Destructive race: Citrix releases new patches, and hackers are actively attacking vulnerable servers and installing encryption engines on them. It seems that users are losing.
At the beginning of this year was discovered CVE-2019-19781 vulnerability, which affects a number of versions of Citrix Application Delivery Controller (ADC), Citrix Gateway, as well as two old versions of Citrix SD-WAN WANOP. As was reported at the beginning of the month, there were exploits for it in the public domain.
After the publication of the exploits, attacks on vulnerable versions of Citrix intensified, just as it was expected, as numerous hackers hope to compromise some important goal that did not have time to upgrade – a corporate network, a state server, or a government agency.
“The main problem was that though more than a month has passed since the vulnerability was discovered, Citrix developers were in no hurry to release the patch”, – IS experts condemn the company.
Firstly, company limited itself to only safety recommendations, explaining to customers how to reduce risks.
There was even an interesting precedent – an unknown hacker used vulnerable methods to patch vulnerable Citrix servers and, according to information security analysts, not because he was Robin Hood, his intentions were dubious.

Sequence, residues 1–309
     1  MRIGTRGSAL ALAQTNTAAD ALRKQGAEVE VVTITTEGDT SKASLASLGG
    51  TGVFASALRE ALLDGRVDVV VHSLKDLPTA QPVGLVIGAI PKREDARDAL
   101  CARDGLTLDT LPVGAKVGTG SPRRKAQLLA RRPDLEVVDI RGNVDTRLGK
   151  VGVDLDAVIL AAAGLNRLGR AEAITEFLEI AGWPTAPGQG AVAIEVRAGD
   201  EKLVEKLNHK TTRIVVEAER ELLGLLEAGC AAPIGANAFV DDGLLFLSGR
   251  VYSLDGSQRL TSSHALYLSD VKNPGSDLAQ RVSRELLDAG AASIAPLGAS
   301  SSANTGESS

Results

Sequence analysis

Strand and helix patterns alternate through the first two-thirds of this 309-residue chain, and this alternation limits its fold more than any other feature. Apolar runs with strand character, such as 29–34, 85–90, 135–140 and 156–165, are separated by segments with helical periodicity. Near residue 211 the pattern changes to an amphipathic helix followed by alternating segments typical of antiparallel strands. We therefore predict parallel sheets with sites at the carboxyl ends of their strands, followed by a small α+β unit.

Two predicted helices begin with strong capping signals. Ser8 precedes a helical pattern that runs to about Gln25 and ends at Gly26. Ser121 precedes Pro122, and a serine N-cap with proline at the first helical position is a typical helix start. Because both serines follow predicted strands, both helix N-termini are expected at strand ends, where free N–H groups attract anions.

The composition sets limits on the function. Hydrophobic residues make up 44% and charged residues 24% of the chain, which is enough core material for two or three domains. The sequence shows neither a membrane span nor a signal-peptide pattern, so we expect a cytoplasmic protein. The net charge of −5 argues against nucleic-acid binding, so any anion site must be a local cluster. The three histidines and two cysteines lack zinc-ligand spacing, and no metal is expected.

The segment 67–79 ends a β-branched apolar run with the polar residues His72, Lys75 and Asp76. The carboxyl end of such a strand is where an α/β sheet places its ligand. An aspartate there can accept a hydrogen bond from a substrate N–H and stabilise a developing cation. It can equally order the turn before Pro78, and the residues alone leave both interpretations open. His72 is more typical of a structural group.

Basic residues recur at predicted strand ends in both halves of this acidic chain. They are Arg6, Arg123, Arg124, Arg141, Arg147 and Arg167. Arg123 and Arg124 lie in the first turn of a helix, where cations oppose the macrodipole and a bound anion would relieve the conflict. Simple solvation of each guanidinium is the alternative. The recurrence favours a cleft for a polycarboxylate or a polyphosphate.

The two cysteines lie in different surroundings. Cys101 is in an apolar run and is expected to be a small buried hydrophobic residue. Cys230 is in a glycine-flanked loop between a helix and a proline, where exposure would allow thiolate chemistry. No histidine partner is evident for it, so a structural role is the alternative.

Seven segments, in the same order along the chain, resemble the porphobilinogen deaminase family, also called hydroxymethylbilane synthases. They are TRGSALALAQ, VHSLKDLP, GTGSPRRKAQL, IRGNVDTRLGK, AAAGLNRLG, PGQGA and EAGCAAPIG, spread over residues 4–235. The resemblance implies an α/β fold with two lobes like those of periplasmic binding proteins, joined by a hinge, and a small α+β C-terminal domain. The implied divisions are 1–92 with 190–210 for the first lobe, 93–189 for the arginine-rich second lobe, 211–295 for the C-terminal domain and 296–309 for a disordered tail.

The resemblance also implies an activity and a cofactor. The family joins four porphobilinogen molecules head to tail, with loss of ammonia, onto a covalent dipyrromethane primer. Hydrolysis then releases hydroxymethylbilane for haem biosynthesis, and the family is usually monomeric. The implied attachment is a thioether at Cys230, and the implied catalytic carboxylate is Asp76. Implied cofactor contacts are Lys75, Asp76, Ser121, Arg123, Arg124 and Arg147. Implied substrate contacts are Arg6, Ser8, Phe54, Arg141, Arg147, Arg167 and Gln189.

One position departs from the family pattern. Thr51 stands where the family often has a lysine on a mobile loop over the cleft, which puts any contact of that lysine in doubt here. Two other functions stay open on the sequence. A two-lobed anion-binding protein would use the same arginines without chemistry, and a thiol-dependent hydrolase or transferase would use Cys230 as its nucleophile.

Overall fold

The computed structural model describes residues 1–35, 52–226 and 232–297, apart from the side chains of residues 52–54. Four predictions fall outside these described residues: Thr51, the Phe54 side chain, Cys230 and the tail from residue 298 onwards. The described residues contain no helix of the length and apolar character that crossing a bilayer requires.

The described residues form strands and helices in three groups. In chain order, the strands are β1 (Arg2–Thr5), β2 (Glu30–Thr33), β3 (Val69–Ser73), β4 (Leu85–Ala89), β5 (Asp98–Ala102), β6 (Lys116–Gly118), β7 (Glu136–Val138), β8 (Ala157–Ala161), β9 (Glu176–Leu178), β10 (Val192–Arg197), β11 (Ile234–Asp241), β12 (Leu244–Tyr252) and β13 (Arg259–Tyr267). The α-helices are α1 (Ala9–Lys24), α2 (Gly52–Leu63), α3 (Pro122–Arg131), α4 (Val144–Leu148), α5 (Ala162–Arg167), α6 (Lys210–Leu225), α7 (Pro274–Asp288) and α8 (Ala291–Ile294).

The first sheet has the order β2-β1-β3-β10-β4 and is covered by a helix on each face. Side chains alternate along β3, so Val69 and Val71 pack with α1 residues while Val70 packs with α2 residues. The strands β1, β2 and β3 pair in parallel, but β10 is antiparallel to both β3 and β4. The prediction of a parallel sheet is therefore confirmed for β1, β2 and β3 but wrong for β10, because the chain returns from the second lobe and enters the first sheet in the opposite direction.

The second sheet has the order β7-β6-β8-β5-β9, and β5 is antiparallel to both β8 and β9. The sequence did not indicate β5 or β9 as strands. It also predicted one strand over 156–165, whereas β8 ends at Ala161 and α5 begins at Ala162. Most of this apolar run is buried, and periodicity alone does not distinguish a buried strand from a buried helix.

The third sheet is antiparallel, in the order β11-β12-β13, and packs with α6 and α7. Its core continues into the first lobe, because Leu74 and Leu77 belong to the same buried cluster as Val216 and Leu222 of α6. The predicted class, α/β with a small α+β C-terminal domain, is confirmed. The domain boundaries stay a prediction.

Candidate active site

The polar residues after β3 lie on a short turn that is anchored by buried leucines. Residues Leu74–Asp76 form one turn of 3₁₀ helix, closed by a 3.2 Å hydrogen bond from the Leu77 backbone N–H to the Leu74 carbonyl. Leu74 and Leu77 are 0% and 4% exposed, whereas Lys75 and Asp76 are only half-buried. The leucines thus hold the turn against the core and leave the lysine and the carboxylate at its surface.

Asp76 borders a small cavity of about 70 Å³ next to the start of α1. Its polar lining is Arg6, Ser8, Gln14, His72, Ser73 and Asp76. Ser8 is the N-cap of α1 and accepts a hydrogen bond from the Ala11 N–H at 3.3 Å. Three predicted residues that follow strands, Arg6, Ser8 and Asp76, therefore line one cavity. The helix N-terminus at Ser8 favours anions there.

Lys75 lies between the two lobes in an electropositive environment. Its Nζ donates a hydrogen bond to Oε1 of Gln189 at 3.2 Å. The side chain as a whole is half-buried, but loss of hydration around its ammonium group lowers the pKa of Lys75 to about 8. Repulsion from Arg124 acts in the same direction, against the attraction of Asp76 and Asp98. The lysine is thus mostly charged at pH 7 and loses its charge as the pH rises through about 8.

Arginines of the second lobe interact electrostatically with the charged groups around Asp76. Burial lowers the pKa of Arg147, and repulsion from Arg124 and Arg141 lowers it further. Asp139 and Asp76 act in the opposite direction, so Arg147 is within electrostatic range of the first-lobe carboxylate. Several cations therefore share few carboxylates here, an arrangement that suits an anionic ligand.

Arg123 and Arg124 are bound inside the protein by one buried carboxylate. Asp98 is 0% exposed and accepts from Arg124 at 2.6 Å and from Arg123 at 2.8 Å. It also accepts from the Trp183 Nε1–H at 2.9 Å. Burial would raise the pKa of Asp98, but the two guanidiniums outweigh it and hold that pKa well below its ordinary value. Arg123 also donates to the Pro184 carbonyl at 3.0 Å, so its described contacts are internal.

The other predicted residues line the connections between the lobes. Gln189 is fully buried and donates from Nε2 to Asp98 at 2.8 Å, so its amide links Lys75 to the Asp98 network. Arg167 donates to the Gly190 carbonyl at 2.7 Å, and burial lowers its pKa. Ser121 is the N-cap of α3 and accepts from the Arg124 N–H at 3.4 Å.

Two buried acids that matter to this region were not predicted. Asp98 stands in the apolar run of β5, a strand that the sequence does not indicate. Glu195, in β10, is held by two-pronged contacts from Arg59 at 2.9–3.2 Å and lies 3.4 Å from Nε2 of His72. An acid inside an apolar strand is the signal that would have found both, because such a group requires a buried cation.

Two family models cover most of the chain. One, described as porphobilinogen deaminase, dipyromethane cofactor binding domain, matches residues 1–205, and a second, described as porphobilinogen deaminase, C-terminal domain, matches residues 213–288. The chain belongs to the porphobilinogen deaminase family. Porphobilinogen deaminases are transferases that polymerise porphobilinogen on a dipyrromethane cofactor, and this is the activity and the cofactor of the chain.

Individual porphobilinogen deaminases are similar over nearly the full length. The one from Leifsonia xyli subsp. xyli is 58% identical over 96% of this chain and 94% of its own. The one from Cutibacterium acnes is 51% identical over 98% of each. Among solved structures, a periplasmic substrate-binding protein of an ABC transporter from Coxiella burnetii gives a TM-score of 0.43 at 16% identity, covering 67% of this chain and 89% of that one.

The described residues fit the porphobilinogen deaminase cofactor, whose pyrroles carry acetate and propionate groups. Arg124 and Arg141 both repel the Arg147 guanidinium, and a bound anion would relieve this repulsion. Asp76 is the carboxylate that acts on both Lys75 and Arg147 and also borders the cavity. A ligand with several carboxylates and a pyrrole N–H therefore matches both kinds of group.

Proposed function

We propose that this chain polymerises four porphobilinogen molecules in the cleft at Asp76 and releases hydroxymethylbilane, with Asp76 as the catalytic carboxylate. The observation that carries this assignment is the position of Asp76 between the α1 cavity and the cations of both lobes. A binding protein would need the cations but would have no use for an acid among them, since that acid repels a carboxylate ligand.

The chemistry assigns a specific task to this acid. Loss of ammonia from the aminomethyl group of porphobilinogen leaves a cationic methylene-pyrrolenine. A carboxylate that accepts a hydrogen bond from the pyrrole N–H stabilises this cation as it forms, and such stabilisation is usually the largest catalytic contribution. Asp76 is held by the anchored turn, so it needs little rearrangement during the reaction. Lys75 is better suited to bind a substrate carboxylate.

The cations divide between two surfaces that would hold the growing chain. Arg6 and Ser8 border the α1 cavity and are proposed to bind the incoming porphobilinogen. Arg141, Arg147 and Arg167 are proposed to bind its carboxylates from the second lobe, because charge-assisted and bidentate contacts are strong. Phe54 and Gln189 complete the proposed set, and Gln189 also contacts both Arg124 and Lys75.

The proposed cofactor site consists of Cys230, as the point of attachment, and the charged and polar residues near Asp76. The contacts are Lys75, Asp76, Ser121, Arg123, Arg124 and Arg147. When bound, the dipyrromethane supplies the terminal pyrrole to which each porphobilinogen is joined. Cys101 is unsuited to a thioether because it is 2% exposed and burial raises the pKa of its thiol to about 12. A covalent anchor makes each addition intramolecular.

Citrix developers presented an actual patch only last week, and did not release the final patches untill the last Friday.
Citrix and FireEye experts also provided free solutions to identify compromises and vulnerable systems.
Now FireEye and Under the Breach analysts are warning that cryptographic operators REvil (Sodinokibi) and Ragnarok are actively infecting vulnerable Citrix servers, which are still numerous.
“I examined the files REvil posted from Gedia.com after they refused to pay the ransomware. The interesting thing I discovered is that they obviously hacked Gedia via the Citrix exploit. My bet is that all recent targets were accessed via this exploit. It just goes to show how much impact a single exploit could have. Other files included invoices, data structures and a complete dump of the servers passwords. GDPR will go hard on these guys and this is exactly what REvil wants, the incentive to ransomware is truly alive!”, — writes Under the Breach company representative.
Additionally, according to unconfirmed reports, the creators of the Maze ransomware targeted vulnerable systems.
It is necessary to say that overall the process of installing patches is going well. If in December 2019 the number of vulnerable systems was estimated at 80,000 servers, then in mid-January their number dropped to about 25,000, and last week it fell below 11,000 systems altogether. Specialists from the GDI Foundation closely monitor these statistics.